Our Stance: Avon One's claims that pay raises for elected township officials cannot be reversed in no way justifies them passing these pay raises, especially in these economic times. Avon Forward is committed to reversing these pay raises and cutting salaries to elected township officials even if that means having to wait until the question is voted on again. Even if the pay raises cannot immediately be reversed, that does not prevent the Avon Forward candidates from donating those pay raises back to the township to offset operating expenses and reduce the increased tax burden on residents, which these pay raises have created.

Monday, February 16, 2009

Town Hall Forums on the Economy

State Sen. Susan Garrett of Lake Forest and state Rep. Karen May of Highland Park) will host town hall meetings Saturday, Feb. 28 in Lake Forest, Deerfield and Northbrook to discuss the economy, budget proposals and the General Assembly's spring agenda and initiatives. The Democrats will meet the public 10-11 a.m. at the Lake Forest Health and Fitness Center, 1200 N. Westmoreland Drive, Lake Forest; 12:30-1:30 p.m. at the Patty Turner Senior Center, 375 Elm St., Deerfield and 2:30-3:30 p.m. at the Glencoe Public Library, 320 Park Ave. (847) 433-2002 or (847) 433-9100.

Friday, February 6, 2009

Breaking the Silence

Illinois's Moment of Silence Law was struck down last week. The law mandated Illinois public schools to require a moment of silence from their students.

If you've ever actually taken a moment of silence with other people, you know how creepy one can be. Naturally no one wants a moment of silence -- and certainly not on a daily basis. Not the students. Not the teachers. Not the administrators. The only people who want a moment of silence seem to be our grandstanding Springfield legislators -- perhaps to score some easy points with their religious-values constituents.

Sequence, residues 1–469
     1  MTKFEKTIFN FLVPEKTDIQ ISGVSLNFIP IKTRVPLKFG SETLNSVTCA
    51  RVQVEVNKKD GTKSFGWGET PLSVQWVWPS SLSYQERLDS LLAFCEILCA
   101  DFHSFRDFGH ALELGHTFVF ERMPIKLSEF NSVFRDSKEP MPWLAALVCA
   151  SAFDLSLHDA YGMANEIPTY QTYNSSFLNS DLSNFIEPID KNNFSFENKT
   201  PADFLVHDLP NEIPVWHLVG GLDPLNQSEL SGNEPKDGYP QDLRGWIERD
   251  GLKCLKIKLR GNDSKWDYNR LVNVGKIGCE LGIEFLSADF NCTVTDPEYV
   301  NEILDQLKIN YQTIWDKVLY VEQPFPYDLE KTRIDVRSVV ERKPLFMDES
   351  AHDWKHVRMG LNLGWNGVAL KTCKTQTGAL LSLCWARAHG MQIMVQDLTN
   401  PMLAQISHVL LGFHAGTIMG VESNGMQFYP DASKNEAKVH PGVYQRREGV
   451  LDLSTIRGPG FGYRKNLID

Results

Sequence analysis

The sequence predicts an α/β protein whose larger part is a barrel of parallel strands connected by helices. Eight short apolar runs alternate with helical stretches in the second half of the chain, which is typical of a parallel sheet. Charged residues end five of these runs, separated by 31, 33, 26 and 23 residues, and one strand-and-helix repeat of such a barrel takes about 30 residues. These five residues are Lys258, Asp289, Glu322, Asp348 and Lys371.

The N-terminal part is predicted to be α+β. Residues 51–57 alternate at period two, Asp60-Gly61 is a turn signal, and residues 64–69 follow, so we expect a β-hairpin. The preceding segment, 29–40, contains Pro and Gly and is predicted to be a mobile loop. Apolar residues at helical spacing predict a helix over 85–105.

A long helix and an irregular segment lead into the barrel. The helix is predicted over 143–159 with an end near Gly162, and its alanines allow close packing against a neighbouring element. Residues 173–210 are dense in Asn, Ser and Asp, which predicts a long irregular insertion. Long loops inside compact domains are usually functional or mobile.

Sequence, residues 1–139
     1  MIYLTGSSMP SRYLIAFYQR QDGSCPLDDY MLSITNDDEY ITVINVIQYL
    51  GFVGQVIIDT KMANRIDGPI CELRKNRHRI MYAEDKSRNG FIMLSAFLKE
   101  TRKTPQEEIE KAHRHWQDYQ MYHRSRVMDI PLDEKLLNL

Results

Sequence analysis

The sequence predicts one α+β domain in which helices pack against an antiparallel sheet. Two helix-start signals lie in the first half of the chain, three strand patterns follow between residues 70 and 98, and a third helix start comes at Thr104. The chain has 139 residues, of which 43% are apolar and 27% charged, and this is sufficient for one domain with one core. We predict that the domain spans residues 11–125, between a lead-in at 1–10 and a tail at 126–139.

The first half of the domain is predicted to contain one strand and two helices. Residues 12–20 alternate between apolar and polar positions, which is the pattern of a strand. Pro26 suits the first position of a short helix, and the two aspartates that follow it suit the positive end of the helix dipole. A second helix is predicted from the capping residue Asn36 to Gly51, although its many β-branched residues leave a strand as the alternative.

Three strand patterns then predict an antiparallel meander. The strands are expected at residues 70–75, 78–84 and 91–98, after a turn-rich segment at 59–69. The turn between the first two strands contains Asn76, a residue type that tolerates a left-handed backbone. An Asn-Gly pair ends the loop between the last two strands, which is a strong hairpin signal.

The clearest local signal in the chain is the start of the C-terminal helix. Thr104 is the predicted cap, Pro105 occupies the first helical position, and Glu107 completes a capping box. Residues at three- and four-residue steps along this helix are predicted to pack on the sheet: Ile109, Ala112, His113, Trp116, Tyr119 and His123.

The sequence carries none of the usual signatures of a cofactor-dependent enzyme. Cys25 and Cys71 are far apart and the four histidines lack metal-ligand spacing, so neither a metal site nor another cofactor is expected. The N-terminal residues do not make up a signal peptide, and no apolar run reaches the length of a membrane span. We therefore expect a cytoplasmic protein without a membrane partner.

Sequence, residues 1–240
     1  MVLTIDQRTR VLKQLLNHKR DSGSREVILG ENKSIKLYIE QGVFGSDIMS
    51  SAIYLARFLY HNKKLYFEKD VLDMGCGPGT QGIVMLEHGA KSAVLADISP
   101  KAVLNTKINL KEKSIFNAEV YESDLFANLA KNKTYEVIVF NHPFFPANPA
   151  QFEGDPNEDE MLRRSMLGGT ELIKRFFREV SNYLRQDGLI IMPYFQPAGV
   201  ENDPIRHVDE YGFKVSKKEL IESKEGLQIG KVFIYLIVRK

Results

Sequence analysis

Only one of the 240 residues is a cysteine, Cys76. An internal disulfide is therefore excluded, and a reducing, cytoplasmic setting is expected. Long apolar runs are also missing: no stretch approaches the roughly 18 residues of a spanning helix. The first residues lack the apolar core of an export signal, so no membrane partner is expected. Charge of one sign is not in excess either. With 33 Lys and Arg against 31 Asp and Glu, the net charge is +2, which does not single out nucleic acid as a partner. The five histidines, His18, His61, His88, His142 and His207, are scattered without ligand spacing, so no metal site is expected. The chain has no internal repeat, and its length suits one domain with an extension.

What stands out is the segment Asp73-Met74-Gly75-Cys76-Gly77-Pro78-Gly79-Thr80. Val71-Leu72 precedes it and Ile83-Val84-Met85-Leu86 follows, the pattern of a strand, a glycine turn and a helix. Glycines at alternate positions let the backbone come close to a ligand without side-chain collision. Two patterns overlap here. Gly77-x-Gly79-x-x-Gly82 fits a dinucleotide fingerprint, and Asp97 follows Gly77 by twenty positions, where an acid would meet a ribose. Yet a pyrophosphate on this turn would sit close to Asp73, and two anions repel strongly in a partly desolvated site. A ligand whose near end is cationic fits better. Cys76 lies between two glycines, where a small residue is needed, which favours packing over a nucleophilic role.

So it should be little surprise that when professional athiest and perennial Green Party candidate Rob Sherman complained that the law is unconstitutional, a federal judge agreed.

But the judge ruled on a technicality, suggesting the law can be rewritten. Now the LakeCountyEye has nothing but admiration for its grandstanding Springfield legislators -- and knows, given the opportunity, they will always jump at a chance to rewrite a bill, no matter how poorly conceived it may be.

So some free advice: when you resubmit your Moment of Silence Bill, why not make it a Moment of Noise Law instead? Instead of requiring our kids endure a minute of awkward silence, why not require them to whoop it up and holler for that minute instead? This will surely release a lot of pent-up energy that would otherwise have been directed toward some illicit pursuit or other. And Rob Sherman will never be able to argue with a straight face that a Moment of Noise Law is a thinly disguised trojan horse to get prayer back in the public schools.

At least give it a moment of thought, grandstanding Springfield legislators. It's a win-win for everyone.

Republican Mark Kirk Votes Against Fair Pay for Women TWICE!!!

The 111th Congress has just gotten started, but the House and the Senate already have revisited two critically important pieces of legislation aimed at ending gender discrimination in the workplace: The Ledbetter Fair Pay Act (LFPA) and the Paycheck Fairness Act (PCFA).

Both bills passed the House last year. But the LFPA was killed in a Senate filibuster led by Republicans seeking to protect corporations from a surge in discrimination lawsuits. The Paycheck Fairness Act didn’t even make it to the Senate floor in 2008, as the clock ran out on the 110th Congress.